Re: Just purchased a larger multi unit…and have a question - Posted by ray@lcorn
Posted by ray@lcorn on March 13, 2000 at 22:29:07:
I cannot imagine why you would want to give the tenants postage paid envelopes. Besides the expense, it puts you in the position of having to take action each month in order to collect your rent. Bad move. You want the opposite policy in place. I can imagine a tenant saying he is late because he didn’t get your envelope that month. By all means send the letter detailing the new ownership and the “reminder” about the lease terms, give them the address, a phone number and perhaps a pre-addressed envelope, but nix the postage.
Take the tips suggested below, and especially pay attention to the Mr.Landlord.Com site. You will be light years ahead of anything a broker or lawyer will tell you. Jeffery Taylor (mr.landlord) has a philosophy that your tenants should be calling you up each month and asking to pay you more money… sounds too incredible to be true doesn’t it? It’s true, and it works. He also has ideas on incentives for tenants to pay rent on time. You may have to wait until the present leases run out before implementing radical changes, but you can educate yourself now and be getting ready for tenant “anniversaries”! (not renewals)
On management, I would recommend that you not hire a management company right away. Run it yourself for at least six months to get a feel for the operation. Then if you want to get away from the operation you will know what it actually takes to run the property, and not be at the mercy of someone else telling you what they think it needs. No one will look after your interests the way you will. Thirty seven units isn’t really big enough to be economical with management fees. I also do not like on-site residents acting as managers in this situation. It usually causes problems because they try to be more than they are. You can’t give them the authority to go with the responsibilty, and you wind up the bad guy. Better to deal with problems head on, and better yet, take mr.landlord’s suggestions about tenants handling repairs as well.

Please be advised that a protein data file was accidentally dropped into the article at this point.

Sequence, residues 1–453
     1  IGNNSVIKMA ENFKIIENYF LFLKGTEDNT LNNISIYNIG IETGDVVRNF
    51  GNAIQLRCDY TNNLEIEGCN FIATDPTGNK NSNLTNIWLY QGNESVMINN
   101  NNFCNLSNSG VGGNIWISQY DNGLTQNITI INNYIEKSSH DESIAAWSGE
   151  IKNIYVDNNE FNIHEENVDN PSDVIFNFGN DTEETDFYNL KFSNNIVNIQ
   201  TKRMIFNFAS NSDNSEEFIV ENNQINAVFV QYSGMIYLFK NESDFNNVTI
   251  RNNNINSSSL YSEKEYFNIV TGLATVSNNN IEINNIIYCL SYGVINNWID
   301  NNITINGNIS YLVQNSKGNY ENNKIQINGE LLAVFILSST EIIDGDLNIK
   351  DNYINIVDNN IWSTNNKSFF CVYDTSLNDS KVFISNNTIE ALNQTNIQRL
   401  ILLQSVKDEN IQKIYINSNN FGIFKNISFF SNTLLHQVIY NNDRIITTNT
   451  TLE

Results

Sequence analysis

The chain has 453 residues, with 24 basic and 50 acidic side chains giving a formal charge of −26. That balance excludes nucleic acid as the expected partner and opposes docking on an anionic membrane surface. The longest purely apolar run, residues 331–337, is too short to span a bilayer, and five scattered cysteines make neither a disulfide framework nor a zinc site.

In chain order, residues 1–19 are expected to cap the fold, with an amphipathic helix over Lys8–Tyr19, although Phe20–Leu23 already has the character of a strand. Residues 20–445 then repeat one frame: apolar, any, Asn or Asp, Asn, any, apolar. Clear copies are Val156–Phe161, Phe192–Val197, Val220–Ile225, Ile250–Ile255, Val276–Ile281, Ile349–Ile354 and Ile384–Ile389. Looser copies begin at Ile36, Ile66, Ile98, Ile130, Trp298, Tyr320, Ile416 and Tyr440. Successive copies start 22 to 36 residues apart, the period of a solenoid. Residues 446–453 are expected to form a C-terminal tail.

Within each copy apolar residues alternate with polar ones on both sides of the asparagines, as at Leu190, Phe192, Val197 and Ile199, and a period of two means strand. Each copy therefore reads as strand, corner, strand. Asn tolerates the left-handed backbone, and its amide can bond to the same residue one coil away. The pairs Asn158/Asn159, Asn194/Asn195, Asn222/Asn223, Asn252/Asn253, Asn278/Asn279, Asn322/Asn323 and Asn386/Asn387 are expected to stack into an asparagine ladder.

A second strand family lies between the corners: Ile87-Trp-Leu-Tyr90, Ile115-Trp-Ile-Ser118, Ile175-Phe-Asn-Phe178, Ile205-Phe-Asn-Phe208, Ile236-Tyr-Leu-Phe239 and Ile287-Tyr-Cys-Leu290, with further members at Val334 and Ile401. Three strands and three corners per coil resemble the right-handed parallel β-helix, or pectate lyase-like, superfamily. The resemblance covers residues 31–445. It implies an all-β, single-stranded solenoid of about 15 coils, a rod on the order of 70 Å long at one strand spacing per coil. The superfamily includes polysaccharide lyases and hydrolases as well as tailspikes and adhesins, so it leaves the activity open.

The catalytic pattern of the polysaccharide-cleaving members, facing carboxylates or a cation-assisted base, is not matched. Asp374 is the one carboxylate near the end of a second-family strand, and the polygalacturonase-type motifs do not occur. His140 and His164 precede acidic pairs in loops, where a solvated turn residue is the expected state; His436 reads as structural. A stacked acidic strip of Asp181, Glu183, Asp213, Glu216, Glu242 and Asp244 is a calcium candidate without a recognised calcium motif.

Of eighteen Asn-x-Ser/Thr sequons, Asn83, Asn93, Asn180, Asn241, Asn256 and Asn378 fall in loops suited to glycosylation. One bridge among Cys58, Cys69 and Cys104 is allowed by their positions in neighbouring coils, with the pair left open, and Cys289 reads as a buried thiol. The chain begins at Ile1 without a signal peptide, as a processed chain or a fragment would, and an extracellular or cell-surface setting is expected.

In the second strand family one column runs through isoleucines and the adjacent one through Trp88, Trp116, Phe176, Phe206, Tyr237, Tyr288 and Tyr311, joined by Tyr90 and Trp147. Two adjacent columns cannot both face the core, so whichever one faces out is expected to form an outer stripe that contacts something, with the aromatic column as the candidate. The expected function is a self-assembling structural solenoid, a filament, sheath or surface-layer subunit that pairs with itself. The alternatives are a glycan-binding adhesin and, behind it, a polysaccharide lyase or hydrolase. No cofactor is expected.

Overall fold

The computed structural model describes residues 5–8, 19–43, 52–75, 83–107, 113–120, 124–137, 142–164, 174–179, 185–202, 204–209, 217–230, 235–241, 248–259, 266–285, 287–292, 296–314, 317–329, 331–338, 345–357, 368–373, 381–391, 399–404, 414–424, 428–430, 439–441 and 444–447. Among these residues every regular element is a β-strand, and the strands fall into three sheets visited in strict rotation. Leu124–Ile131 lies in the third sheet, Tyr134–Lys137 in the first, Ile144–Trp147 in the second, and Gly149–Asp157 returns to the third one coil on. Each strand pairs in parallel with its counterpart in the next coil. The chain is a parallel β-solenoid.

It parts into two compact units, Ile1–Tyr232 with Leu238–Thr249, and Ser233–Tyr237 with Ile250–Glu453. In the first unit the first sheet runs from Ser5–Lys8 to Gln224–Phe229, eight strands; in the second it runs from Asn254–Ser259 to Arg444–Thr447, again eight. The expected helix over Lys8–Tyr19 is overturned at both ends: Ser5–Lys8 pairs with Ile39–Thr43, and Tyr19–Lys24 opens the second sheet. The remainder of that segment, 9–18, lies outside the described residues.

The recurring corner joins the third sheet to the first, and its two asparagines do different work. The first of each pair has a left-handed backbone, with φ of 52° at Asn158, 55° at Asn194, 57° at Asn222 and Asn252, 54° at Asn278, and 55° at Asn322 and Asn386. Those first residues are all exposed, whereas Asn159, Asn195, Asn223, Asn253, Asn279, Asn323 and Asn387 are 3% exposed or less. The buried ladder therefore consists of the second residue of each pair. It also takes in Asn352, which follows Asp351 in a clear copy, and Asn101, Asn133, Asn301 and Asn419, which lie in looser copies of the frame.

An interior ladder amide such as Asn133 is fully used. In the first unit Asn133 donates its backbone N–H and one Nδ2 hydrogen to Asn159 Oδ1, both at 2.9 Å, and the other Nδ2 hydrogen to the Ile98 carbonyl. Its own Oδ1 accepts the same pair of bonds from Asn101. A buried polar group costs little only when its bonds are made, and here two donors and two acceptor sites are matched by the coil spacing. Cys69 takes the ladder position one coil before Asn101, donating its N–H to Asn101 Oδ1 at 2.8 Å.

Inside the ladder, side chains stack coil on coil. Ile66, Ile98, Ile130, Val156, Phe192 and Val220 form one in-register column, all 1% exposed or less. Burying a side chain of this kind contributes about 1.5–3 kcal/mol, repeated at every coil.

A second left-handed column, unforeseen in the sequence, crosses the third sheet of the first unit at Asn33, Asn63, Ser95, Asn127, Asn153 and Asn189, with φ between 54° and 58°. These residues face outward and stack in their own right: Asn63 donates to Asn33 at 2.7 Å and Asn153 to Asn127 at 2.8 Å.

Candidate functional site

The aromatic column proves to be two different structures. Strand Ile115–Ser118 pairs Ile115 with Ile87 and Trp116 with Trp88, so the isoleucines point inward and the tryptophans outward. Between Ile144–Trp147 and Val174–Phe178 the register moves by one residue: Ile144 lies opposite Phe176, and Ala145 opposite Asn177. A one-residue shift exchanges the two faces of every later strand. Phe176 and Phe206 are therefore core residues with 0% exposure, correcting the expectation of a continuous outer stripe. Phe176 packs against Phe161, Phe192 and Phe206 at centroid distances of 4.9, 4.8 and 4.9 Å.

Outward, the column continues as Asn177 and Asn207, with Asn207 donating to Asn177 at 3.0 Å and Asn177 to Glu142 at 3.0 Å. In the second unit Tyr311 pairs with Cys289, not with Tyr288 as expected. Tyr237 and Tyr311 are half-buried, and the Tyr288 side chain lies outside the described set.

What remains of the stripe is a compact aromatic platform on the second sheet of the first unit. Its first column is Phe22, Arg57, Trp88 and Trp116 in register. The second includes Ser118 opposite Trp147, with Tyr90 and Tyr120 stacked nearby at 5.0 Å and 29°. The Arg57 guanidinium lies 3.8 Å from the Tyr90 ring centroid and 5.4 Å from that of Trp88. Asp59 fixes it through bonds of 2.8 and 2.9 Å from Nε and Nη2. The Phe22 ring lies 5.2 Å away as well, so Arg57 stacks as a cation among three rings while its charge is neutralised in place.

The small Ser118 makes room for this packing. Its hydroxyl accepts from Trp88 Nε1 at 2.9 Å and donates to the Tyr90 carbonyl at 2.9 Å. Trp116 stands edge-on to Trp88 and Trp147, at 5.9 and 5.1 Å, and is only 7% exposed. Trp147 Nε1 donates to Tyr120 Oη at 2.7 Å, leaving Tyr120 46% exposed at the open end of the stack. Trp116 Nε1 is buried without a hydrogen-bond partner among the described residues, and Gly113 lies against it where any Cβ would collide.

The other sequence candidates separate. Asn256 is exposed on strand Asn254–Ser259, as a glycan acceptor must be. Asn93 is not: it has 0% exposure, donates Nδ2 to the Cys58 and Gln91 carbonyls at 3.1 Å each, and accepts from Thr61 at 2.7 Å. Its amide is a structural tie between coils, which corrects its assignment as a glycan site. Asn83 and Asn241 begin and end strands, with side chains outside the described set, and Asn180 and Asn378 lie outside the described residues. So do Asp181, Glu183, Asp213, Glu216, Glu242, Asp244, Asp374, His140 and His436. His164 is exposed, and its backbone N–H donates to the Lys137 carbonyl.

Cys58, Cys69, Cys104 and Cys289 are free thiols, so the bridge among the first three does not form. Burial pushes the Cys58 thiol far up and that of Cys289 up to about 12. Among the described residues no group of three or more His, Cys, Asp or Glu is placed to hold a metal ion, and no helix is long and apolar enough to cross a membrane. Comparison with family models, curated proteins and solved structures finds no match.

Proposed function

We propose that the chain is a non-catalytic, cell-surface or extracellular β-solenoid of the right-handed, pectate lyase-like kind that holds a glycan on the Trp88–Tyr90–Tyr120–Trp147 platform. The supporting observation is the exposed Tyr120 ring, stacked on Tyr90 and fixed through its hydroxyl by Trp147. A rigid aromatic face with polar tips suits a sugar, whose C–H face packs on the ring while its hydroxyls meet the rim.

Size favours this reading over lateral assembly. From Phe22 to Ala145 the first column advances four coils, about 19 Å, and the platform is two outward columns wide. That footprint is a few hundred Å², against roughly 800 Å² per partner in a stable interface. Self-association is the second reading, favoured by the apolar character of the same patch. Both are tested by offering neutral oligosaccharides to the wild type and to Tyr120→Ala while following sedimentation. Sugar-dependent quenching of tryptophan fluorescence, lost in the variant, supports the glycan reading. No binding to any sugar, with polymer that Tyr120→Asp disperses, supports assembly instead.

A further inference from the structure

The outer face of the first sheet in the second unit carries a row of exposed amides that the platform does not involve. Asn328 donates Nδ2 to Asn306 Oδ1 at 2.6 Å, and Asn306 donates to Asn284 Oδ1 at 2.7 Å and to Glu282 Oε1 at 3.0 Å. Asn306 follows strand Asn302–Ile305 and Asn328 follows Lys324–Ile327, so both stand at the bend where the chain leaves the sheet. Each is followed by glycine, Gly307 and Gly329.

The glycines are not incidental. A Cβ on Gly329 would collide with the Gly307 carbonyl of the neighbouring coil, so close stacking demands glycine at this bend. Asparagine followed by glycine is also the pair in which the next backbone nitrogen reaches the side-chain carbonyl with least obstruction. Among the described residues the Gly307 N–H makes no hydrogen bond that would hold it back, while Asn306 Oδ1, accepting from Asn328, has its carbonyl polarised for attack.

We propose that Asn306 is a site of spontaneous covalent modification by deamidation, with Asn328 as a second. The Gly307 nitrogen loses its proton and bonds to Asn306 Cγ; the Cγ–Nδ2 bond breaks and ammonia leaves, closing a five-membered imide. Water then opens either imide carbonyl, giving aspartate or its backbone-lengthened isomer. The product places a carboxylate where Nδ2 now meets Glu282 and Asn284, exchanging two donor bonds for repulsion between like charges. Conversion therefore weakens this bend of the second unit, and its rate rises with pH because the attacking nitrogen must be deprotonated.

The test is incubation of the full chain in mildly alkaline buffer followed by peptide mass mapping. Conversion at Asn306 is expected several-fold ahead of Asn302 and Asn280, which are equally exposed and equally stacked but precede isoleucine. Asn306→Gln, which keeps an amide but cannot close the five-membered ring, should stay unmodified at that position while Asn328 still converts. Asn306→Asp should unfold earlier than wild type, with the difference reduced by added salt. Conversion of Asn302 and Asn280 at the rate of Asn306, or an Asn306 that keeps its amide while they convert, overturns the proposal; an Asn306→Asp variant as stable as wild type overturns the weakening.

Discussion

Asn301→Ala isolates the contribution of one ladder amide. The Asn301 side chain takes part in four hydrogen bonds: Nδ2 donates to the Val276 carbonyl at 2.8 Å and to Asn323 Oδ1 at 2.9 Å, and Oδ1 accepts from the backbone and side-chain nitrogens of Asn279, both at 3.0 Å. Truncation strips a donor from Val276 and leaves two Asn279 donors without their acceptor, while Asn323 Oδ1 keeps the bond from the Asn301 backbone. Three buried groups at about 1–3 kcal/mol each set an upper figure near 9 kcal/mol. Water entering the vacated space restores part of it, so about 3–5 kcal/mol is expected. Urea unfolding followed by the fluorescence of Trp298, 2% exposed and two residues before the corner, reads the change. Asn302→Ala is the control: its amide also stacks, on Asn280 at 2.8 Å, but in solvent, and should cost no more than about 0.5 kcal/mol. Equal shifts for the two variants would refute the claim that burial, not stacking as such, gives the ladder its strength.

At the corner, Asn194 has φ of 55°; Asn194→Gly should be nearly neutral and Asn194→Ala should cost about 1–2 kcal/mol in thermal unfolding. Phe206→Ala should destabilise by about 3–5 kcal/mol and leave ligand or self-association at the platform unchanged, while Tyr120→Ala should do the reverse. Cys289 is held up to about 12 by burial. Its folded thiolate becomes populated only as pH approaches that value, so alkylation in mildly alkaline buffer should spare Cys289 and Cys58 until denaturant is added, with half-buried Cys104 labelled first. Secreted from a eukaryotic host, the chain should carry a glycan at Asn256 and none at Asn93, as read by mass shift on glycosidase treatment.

It sounds like you’ve bought a building that is in good shape and has a good rent roll. Your job with a property like this is to first maintain the property as well as possible, then examine the project for ways to increase income and reduce expenses. That will translate into a higher NOI, which will translate into a higher value when you get ready to sell. You should be aiming to maximize the value whether you intend to keep the property or not.
One common strategy is to work for two or three years to increase income and reduce expenses, perhaps complete any deferred maintenance, then use the enhanced performance to support an increased appraisal for a cash-out refi. There are many below prime-rate loans available for properties with loan values over $500,000. These are known as conduit loans, and they are especially well-suited for a property like the one you describe. In many cases you can borrow more money than you presently owe, accessing your equity tax-free, and pay less debt service. Depending on the nature of the property, deferred maintenance may be financed as well.
Congratulations, and keep us posted on your progress.